It has been a difficult time for bikers in New York City with a series of cyclist fatalities amid continued calls for more and better bike lanes.
The central problem is that NYC’s streets were not made with cyclists in mind. This is a key takeaway from Evan Friss’ book “On Bicycles: A 200-Year History of Cycling in New York City,” which came out earlier this year. Friss notes a 1973 city report that described bikes as a “step-child of the transportation world,” neither here nor there, a mode of transit that had bursts of popularity but never sustained enough to be treated like motor vehicles, with all the associated street infrastructure that cars enjoy.
Friss’ history covers the various booms of biking in NYC, from “boneshakers” in the 19th century to the bike messenger wars in Mayor Ed Koch’s New York and the lane-building frenzy of former transportation chief Janette Sadik-Khan.
amExpress spoke with the James Madison University professor to find out what history suggests might happen next.
What drew you to biking?
I was living in New York going to graduate school, and I was using my old beaten up yellow bicycle as a means to move around the city while I was studying urban history and the history of urban planning. They kind of went hand in hand. On my bike, I was thinking about all the ways in which historical decisions alter the ways we move about the city today.
What kind of bike was it?
It was an Atala Italian bicycle from the early 1980s that I got used at some East Village bike shop for I think 70 dollars.
Do you think city streets can meaningfully change for bikers, or are we stuck in this system?
Bicycles and bicyclists have always been marginalized, and I don’t know that that will disappear completely. The recent deaths are tragic and getting to a place of Vision Zero will certainly be difficult. But I do think in many ways it’s easier to bike in NYC now than it has ever been: the number of protected bike lanes, the accessibility of Citi Bike, those things have been quite demonstratively proven to increase safety and encourage bicycling.
There needs to be, of course, more infrastructure like protected bike lanes. There also are just so many cars in the streets, and while New York has become more bike friendly it’s also become home to more cars than ever.
If you could wave a magic wand tomorrow, what would you do to make bikes safer?
Car-free streets for sure. I don’t have enough knowledge to say which avenues and which side streets but many European cities have created districts that are essentially motor vehicle-free at least during certain times of the day. That would be a bold and imaginative and very successful way of making walking and biking safer. [Last week Mayor Bill] de Blasio came out with this plan called the Green Wave.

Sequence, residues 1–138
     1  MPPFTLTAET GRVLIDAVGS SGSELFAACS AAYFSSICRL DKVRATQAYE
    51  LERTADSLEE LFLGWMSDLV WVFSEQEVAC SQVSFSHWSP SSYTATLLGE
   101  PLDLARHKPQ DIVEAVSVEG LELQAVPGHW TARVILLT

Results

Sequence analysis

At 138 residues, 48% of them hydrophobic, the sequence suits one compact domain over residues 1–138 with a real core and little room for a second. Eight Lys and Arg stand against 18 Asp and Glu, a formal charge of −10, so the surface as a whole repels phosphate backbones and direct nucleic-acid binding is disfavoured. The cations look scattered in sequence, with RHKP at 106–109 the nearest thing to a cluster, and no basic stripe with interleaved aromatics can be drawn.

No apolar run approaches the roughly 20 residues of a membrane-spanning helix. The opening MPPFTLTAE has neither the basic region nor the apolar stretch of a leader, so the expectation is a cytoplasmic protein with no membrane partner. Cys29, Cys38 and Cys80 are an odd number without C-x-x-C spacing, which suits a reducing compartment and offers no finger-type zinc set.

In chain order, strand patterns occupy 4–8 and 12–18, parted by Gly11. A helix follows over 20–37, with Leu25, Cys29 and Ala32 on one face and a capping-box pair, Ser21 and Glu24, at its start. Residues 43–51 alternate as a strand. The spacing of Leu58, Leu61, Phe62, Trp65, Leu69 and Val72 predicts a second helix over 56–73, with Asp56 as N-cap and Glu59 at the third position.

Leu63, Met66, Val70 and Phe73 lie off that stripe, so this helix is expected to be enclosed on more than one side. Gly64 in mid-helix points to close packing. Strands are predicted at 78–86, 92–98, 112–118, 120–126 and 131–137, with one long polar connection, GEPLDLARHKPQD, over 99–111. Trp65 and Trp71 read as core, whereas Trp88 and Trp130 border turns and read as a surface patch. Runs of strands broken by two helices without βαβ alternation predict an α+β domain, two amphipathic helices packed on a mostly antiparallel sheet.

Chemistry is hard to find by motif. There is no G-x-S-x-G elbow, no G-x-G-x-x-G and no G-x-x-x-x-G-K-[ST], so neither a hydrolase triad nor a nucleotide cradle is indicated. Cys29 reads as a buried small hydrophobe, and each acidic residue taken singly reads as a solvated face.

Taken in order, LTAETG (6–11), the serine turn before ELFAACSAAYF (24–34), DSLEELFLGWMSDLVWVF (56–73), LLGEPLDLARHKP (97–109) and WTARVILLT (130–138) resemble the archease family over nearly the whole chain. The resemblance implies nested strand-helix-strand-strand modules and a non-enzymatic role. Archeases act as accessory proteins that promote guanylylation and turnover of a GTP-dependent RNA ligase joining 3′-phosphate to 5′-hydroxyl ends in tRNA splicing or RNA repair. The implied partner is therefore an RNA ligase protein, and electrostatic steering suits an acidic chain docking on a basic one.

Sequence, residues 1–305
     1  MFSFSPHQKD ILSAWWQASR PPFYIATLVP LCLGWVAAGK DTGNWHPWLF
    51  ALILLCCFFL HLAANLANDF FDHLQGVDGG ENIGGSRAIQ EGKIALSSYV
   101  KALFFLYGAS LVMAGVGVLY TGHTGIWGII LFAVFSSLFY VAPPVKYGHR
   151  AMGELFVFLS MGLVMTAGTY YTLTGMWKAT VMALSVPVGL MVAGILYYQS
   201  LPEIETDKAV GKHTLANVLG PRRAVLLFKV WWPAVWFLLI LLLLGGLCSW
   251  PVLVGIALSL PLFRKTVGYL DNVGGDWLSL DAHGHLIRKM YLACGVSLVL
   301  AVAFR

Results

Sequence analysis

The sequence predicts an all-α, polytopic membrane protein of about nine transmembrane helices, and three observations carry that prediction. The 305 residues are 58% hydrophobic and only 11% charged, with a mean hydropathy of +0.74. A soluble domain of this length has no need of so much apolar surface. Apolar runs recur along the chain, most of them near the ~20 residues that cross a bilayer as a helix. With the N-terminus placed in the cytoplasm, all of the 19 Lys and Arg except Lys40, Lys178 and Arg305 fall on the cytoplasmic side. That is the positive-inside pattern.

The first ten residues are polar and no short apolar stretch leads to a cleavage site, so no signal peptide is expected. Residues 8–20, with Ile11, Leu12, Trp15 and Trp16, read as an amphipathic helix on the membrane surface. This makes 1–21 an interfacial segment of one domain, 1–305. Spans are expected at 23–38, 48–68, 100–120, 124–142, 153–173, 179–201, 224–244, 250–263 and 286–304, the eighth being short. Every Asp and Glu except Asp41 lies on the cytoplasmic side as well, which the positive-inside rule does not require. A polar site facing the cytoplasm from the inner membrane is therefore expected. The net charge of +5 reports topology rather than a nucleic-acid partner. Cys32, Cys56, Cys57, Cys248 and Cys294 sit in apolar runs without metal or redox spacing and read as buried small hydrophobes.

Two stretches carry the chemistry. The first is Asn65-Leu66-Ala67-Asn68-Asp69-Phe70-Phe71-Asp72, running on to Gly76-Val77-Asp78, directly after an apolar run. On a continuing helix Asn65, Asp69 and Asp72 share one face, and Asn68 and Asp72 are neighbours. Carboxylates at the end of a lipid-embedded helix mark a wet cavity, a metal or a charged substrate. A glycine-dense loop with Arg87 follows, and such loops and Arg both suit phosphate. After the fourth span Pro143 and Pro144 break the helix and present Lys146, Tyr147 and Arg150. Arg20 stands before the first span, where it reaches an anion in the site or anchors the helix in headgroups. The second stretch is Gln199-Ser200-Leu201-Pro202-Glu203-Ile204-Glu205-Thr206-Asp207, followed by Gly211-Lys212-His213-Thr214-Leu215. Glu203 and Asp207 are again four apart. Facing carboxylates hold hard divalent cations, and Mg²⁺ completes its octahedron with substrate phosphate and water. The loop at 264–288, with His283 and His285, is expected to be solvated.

What did you think about it?
The basic tenets of it are good, increasing bike lane miles, but it’s not exactly earth shattering. Currently, the city builds 20, 25 miles of protected bike lanes a year. Now, he’s promising to do 30. And the really long-term goal is 10 percent of trips be taken by bike by 2050. But I’m a historian and I know that nobody 31 years from now is going to be paying attention to goals set 31 years before.
The book describes the city’s “boom” periods of cycling, including during the Bloomberg administration. Are we still in a boom period?
We’re definitely in a boom period and there have been a few. The first starts in 1819 then there’s the late 1860s with these velocipedes. Then, the 1890s and 1930s and 1960s and 70s, and then today.
On a per capita basis, many more New Yorkers rode bicycles in the 1890s than today. But the city has never been more encouraging in terms of infrastructure and changing the physical nature of the streets, things like de Blasio’s plan changing the timing of the lights [in the Green Wave report]. These are, concessions may not be the right word, but programs to have people consider riding a bicycle in different ways.
If this is a boom period, does that mean we’re going to go into a bust period soon? That’s what the book describes happening again and again.
That’s what’s happened all throughout history in large part because Americans have found in the bicycle something of the moment. Something fashionable. They become cool to ride.
So a lot of it in America hasn’t always been tied to infrastructure, Americans stop because the bike loses its cultural appeal. But this particular boom period has lasted longer than any of the others. And they’ve managed to get a fair amount of infrastructure built.
So are you hopeful there won’t be a bust coming?
Historians are not usually hopeful people. I’m somewhat pessimistic. And I see there are signs that in New York the growth is already moderating. Traffic counts, and other measures have shown that the kind of great expansion in the number of bike commuters, regular cyclists in the last couple of years leveled off.
Any other ways history will be a guide with biking in NY?
The most interesting thing about the bicycle is that it’s a kind of rorschach test for what people think of in New York. People’s fears about their neighbors and their streets are often wrapped in the bicycle. And I think that will continue, that the bicycle can serve as a kind of proxy to fights about all sorts of urban issues related to the streets, related to who belongs.
This interview has been condensed.